A
computer can use only two kinds of values. That is, fixed point and
floating point. The fixed point values are stored in the computer
memory in binary format representing their ASCII value.

For
example:-

Character
‘A’ can be stored as- 1000001. Because, 65 is ASCII value of ‘a’.
In case of floating point values, these follow the IEEE 754
standard to store in memory. Whenever any programming language
declared-

*float a*; Then the variable 'a's value will be stored in memory by following IEEE 754 standard.
This
standard specifies the single precision and double precision format.
In case of C, C++ and Java,

*float*and*double*data types specify the single and double precision which requires 32 bits (4-bytes) and 64 bits (8-bytes) respectively to store the data.
Lets
have a look at these precision formats.

Single
Precision:-

It
requires 32 bit to store. Following is the format of single
precision.

In
order to store a float value in computer memory, a specified
algorithm is followed.

Take
an example at float value- 3948.125

- Covert 3948 to binary. i.e. 111101101100
- Convert .125 to binary,

0.125
x 2 = 0.25 0

0.25
x 2 = 0.5 0

0.5
x 2 = 1 1
=
0.001

Now
3948.125 = 111101101100.001

- Normalize the number so that the decimal point will be placed after MSB-1. i.e.

111101101100.001
= 1.11101101100001 x 2

^{11}- Now, for this number s=0, as the number is positive.

Exponent'
= 11 and

Mantissa
= 11101101100001

- Bias for single precision used is 127 so,

Final
exponent = exponent' + 127 i.e.

E=
11 + 127= 138 = 10001010 in binary.

- Final value-

In
this format the number 3948.125 will be stored in main memory.

For
double precision values following changes are expected:

Total
bits required – 64

Exponent
– 11 bits

Mantissa
– 52 bits

Bias
value – 1023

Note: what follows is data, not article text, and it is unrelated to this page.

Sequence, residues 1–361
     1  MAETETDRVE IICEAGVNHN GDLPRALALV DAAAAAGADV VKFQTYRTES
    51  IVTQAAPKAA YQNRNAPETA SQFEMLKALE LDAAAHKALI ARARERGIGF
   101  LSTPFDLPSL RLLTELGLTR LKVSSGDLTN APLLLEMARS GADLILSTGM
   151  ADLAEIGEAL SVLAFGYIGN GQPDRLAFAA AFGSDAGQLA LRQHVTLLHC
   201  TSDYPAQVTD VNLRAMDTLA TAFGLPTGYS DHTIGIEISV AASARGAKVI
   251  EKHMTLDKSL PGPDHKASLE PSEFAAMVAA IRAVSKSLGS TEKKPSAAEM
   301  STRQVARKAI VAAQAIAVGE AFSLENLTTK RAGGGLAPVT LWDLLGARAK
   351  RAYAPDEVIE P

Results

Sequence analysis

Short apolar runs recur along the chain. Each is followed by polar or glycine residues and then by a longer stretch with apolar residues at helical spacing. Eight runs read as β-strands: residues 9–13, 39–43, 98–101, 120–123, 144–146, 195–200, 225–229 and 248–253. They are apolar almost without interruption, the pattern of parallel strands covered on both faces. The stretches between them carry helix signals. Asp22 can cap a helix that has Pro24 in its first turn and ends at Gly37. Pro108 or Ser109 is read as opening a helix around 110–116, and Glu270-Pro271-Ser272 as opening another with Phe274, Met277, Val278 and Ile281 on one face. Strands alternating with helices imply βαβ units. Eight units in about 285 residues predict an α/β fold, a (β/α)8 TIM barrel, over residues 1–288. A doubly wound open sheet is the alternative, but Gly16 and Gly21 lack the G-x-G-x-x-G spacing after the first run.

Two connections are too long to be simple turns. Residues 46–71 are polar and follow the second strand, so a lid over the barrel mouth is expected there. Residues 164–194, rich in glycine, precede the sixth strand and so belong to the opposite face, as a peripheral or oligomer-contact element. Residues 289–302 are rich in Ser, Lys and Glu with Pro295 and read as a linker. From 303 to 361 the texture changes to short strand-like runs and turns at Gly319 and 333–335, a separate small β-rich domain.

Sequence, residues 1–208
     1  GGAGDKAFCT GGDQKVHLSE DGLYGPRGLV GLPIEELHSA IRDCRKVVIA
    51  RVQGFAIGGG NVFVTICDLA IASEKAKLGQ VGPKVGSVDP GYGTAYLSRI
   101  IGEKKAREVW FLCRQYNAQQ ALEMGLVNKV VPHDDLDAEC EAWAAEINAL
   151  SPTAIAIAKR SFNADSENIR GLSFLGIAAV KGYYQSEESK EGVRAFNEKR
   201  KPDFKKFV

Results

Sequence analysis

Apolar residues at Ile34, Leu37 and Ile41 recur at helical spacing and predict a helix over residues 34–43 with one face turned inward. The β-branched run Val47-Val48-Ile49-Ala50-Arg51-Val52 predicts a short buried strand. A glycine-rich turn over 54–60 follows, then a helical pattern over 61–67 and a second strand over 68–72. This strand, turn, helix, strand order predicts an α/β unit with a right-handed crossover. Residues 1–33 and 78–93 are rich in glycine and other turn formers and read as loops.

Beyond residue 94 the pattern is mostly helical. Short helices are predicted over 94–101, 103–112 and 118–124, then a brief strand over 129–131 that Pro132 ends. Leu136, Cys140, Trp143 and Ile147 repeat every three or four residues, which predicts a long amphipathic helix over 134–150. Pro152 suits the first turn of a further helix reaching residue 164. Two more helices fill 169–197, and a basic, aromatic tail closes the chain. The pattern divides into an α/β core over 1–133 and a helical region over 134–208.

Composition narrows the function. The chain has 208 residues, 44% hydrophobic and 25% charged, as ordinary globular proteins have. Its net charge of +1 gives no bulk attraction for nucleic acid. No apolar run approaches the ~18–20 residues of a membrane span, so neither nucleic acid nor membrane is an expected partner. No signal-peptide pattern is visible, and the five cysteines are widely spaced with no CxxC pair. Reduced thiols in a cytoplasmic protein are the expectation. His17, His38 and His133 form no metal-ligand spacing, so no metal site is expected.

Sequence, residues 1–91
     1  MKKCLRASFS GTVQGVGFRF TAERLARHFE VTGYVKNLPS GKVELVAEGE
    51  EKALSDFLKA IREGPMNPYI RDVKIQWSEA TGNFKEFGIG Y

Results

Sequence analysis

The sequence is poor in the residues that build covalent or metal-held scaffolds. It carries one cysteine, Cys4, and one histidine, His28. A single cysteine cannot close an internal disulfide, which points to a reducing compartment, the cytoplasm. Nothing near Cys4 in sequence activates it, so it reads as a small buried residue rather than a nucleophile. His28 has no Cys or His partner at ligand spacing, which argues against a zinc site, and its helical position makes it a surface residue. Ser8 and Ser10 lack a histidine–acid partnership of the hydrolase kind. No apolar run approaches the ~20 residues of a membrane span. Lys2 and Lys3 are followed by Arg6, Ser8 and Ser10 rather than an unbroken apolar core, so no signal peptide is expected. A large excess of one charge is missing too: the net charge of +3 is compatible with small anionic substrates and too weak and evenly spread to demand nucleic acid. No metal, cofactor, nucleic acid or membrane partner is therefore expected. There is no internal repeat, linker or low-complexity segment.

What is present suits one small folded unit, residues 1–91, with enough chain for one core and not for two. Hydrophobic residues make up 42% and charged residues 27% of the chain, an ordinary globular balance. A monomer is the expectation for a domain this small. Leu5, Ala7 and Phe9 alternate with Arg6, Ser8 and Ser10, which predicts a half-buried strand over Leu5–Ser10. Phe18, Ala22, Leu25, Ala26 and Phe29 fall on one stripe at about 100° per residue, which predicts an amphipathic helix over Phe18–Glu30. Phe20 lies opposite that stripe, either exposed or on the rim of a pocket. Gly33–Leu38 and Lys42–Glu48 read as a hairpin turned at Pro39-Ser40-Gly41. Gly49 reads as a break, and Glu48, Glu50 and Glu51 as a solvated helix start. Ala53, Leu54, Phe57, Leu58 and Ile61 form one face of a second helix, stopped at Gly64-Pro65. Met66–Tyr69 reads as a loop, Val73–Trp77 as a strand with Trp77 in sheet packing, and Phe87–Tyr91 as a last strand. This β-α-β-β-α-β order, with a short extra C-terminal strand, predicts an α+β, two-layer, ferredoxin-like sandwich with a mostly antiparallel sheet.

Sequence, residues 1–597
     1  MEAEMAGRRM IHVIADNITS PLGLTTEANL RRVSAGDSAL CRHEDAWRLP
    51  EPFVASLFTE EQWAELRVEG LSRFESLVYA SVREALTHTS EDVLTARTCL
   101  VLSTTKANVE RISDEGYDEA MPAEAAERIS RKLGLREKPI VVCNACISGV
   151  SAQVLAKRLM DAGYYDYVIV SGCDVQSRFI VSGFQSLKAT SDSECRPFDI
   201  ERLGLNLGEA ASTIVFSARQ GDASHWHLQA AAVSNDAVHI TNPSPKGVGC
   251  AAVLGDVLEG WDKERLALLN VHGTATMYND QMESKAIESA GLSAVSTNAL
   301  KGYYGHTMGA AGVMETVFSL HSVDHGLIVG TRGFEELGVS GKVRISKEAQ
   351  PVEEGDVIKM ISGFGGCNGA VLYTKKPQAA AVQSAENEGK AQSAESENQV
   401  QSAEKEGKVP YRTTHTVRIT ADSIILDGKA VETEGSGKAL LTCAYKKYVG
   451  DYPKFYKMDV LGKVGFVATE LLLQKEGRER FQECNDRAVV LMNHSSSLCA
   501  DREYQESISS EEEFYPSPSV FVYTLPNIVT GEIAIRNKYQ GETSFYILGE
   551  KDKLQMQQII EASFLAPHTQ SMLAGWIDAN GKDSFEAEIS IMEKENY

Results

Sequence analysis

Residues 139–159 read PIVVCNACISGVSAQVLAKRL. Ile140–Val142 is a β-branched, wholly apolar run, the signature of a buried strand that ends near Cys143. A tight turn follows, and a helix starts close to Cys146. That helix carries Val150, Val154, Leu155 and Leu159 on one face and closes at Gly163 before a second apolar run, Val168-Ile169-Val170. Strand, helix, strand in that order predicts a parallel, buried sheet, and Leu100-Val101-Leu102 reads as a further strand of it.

Now,
if you want to find the IEEE 754 representation at any floating point
number, following program can be used.

**#include<stdio.h>**

**int binary(int n, int i)**

**{**

**int k;**

**for (i--; i >= 0; i--)**

**{**

**k = n >> i;**

**if (k & 1)**

**printf("1");**

**else**

**printf("0");**

**}**

**}**

**typedef union**

**{**

**float f;**

**struct**

**{**

**unsigned int mantissa : 23;**

**unsigned int exponent : 8;**

**unsigned int sign : 1;**

**} field;**

**} myfloat;**

**int main()**

**{**

**myfloat var;**

**printf("Enter any float number: ");**

**scanf("%f",&var.f);**

**printf("%d ",var.field.sign);**

**binary(var.field.exponent, 8);**

**printf(" ");**

**binary(var.field.mantissa, 23);**

**printf("\n");**

**return 0;**

**}**

Explanation-

The
function binary( ) is used to convert the number ‘n’ into binary
format and print its ‘i’ number of bits.

In
C, structure members can be specified with no. of bits with size. It
is known as

*bit**fields*. As ‘*f**loat f*’ is declared in ‘*union**myfloat*’. It can use 23 bits to store mantissa exponent can use 8 and sign can use one! The variable ‘*var*’ is at*myfloat*type. So, in order to access mantissa, we can use ‘*var.field*.*mantissa*’. Here, mantissa is the name of internal structure. So, float value’s internal bits can be accessed bitwise with*sign*,*exponent*and*mantissa*separately.
Run
the program and see the output of the said example!

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